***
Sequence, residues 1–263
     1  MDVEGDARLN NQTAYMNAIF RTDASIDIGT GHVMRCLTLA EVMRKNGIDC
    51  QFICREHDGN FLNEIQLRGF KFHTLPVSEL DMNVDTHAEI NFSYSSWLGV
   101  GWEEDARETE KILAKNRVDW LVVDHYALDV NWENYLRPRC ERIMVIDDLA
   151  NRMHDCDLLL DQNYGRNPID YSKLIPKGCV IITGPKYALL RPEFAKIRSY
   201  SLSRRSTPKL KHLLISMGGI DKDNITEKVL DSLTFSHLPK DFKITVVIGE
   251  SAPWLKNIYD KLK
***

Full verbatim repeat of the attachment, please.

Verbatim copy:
Sequence, residues 1–263
     1  MDVEGDARLN NQTAYMNAIF RTDASIDIGT GHVMRCLTLA EVMRKNGIDC
    51  QFICREHDGN FLNEIQLRGF KFHTLPVSEL DMNVDTHAEI NFSYSSWLGV
   101  GWEEDARETE KILAKNRVDW LVVDHYALDV NWENYLRPRC ERIMVIDDLA
   151  NRMHDCDLLL DQNYGRNPID YSKLIPKGCV IITGPKYALL RPEFAKIRSY
   201  SLSRRSTPKL KHLLISMGGI DKDNITEKVL DSLTFSHLPK DFKITVVIGE
   251  SAPWLKNIYD KLK